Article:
A Spring Sailing Charter on the Chesapeake
On a spring bareboat charter, old friends learn lessons of sailing, science, and camaraderie.
“These type of studies don’t work without the cooperation of the watermen,” Eric said, showing us tagging systems used to track an array of data about the animals. “We involve them in the research; they have great boats and gear. We get up at 4 a.m. and go out with them. We rely on them to recover crabs with external tags, and so far, 14,000 tagged crabs have been recaptured. The historic distrust between scientists and the watermen is what we’re trying to dispel. Fishermen are our friends, not our enemies. They need fish, too.”
Feeling much more informed about our surroundings, we spent the rest of the day savoring the Rhode River anchorage: the osprey that circled above, the brackish waters, the soothing languor inspired by the low-lying waterfront skyline. We swam off the stern of the boat, enjoying warm and cool pockets of water that, while certainly not gin clear, was refreshing and far less salty than in the tropics.
That comparison reminded me that we were on charter and that, as all charters do, this partial-week one, having started on a Wednesday and scheduled to end early on a Sunday morning, was going to be over soon and we’d better keep on exploring so I wouldn’t feel cheated on my maiden voyage through the Chesapeake. Where to go next?
We mulled it over, but not too hurriedly, pulling out the charts and guides. We were pleasantly distracted when a sailor from Freestyle, a nearby Hylas 49 in this increasingly populated anchorage, rowed over in his beautiful varnished Penobscot 14 dinghy to say hello.
Michael Hughes and his crew, including Babe, his 5-year-old Brittany spaniel, had just embarked on a nine-day cruise. Technically, it wasn’t a shakedown sail, but this was only the second time he’d had a chance to take the Hylas out, as he’d bought her the previous November, and the first matter of business then was to put her up for the winter in Annapolis.
“We’re headed to Solomons, the St. Marys River, the Rappahannock, maybe Mobjack Bay,” he said. “This is our first night.” After more chatting, and our plentiful and vocal admiration for the Arch Davis-designed dinghy that Michael plans to have rigged for sail, he bid us farewell and left us to it.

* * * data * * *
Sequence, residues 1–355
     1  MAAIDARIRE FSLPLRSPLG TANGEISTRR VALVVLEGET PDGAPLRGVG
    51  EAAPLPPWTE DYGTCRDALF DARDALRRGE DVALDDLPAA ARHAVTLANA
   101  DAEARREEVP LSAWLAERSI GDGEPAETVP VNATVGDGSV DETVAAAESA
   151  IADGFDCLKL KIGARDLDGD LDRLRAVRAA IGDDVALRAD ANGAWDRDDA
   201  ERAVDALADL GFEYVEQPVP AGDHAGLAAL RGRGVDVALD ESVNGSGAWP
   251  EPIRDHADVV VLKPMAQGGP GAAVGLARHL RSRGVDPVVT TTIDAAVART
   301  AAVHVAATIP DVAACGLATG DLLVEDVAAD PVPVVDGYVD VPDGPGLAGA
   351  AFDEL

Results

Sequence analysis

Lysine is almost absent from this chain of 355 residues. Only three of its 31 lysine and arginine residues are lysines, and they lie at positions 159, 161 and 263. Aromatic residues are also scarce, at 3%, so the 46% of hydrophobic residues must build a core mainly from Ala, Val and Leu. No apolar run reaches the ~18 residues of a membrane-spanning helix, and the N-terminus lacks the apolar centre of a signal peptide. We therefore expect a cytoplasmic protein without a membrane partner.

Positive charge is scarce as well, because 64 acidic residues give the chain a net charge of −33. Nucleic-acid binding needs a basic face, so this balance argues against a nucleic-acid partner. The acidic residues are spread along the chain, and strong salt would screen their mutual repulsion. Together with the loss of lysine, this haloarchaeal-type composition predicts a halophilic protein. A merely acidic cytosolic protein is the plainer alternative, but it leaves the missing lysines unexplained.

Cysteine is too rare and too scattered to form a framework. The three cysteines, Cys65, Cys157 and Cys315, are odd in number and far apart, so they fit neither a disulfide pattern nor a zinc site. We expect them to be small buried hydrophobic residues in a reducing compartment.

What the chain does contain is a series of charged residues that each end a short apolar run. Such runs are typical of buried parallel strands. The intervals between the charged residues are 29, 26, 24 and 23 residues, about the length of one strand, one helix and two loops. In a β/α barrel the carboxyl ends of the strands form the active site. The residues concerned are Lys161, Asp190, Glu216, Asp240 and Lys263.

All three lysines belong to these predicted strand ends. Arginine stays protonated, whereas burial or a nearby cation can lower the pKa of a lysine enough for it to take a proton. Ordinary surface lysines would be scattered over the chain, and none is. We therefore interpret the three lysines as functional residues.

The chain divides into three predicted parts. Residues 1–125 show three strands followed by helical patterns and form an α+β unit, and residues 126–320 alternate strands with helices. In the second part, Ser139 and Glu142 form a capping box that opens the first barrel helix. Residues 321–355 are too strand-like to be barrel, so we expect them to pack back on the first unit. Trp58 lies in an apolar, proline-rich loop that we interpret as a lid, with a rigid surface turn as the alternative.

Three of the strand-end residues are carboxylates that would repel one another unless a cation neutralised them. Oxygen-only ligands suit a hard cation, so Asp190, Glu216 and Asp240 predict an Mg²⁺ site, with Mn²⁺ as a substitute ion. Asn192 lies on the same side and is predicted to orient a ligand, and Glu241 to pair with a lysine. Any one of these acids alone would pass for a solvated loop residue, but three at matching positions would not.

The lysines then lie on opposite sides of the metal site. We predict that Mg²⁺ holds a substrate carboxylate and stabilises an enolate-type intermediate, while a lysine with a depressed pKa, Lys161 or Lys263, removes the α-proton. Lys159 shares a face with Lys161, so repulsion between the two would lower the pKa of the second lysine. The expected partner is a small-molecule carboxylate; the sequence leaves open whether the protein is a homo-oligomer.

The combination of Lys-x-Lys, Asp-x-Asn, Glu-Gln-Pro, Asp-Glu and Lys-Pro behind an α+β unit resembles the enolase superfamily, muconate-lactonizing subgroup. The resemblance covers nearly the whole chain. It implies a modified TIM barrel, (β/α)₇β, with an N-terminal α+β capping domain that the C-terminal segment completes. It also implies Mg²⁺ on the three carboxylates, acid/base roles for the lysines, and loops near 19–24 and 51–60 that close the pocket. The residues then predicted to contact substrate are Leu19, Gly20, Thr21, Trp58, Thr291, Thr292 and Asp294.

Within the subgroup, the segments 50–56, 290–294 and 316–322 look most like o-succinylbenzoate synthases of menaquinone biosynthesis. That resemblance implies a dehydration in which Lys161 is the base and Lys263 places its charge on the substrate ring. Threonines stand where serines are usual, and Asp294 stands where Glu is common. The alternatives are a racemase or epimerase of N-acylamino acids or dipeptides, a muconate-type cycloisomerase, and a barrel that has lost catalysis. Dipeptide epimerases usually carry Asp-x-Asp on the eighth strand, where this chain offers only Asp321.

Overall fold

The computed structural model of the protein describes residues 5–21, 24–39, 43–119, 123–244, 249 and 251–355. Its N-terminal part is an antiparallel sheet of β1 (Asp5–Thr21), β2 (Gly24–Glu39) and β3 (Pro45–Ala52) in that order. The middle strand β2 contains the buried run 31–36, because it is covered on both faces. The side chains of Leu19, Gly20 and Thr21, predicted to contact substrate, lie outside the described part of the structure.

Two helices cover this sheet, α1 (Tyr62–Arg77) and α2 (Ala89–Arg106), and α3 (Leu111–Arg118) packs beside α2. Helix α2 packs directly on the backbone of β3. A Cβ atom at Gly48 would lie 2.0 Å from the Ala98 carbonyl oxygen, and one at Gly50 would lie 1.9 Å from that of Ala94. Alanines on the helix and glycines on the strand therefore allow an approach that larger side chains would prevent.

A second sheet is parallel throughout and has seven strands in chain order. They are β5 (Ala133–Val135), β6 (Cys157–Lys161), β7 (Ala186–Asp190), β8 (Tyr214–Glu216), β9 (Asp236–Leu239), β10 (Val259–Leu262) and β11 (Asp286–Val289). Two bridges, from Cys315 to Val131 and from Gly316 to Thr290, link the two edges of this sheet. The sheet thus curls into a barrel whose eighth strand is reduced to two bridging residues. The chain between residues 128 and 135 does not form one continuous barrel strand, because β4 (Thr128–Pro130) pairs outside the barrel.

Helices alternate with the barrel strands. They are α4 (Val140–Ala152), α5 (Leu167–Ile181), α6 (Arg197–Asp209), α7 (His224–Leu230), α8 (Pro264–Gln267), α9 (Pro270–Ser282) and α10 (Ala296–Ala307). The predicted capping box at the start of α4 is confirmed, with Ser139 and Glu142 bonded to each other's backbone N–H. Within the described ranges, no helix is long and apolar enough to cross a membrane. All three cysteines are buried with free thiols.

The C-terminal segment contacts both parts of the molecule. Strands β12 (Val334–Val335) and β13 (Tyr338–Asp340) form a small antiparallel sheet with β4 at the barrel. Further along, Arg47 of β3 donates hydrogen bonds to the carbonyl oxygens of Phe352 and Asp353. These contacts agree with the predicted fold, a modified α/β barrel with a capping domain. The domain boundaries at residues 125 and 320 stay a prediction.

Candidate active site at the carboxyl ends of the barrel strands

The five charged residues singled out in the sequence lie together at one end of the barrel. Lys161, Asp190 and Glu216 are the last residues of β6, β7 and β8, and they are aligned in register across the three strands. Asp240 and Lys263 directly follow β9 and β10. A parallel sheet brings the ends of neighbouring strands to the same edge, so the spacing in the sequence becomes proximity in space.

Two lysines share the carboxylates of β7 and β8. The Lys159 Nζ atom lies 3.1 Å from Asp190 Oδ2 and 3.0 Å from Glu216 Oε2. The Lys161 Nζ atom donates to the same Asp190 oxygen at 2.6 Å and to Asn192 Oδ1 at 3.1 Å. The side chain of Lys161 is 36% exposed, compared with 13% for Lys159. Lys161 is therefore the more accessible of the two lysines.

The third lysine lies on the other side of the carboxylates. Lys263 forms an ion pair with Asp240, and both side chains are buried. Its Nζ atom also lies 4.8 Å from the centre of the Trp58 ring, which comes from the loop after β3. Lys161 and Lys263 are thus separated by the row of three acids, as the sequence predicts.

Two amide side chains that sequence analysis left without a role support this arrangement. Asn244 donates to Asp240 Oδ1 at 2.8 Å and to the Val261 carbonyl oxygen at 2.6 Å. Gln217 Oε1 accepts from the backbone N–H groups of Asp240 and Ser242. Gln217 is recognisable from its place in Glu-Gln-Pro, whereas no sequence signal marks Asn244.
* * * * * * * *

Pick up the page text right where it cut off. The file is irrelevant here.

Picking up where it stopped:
Freestyle’s itinerary was southward, Captain Mac pointed out to me, and we needed to head north, to make sure we’d be in our slip at Back Creek by 0900 on Sunday.
“What’s this place on the South River called London Town?” I asked. “Is it some ersatz condo community?”
Mac wasn’t sure, but he thought it carried some historic significance. Back to the guides we dove, soon learning that London Town was Maryland’s most important transatlantic tobacco port in the 1600s and a major ferry town connecting the western Chesapeake Bay trade network. For some years, it’s been the focus of archeological digs to reconstruct the once bustling historic village. The 23-acre park in London Town includes the William Brown House, a National Historic Landmark, ornamental and woodland gardens and trails, a visitors center, a museum, and a horticultural complex.
After listening to the local weather report and hearing that sunshine was predicted to give way to rain and clouds in the next 24 hours, we made our plans. We’d head to London Town on Saturday morning, then test those playful Fates with a reach north about 12 miles to arrive at Lake Ogleton by Saturday night. That would make the return to the marina base on Sunday much easier, as Lake Ogleton is barely two miles south of it.
To reach London Town by water, we motored deep into the South River, dropped the hook at Almshouse Creek, and tied the dinghy to the dock by the William Brown House.
Side stepping a wedding with a tangerine color scheme (London Town is open to the public for event rentals), we happened to visit on Dig Day—the Fates were at it again—with professional archaeologists teaching kids and adults how to sift through dirt to find historic items that tell the tale of the original town and its people.
Erin Cullen, who holds a master’s degree in forensic science, chatted with us about her work at the site. “It’s undisturbed,” she said of the village as she showed a youngster how to sift through the sieve for bits of pottery and oyster shells. “We’ve been able to use archeological digs and methods to recreate the town, which hit a population high of 300 people.”
After strolling through the reconstructed town, from its gardens to tobacco-drying structures to residences, we took to the garden trails. We’d stumbled upon an interesting and important landfall, and we were eager to spread the word that it should be on every charterer’s must-see list of destinations.
And we felt lucky that by 1500 on Saturday afternoon, there were still no storm sightings. It was a perfect weekend afternoon, the southeast breezes filled in, and everyone was out on the water. We tacked our way past the photogenic Thomas Point Shoal Lighthouse, which in 1975 was placed on the U.S. Park Service National Register of Historic Places.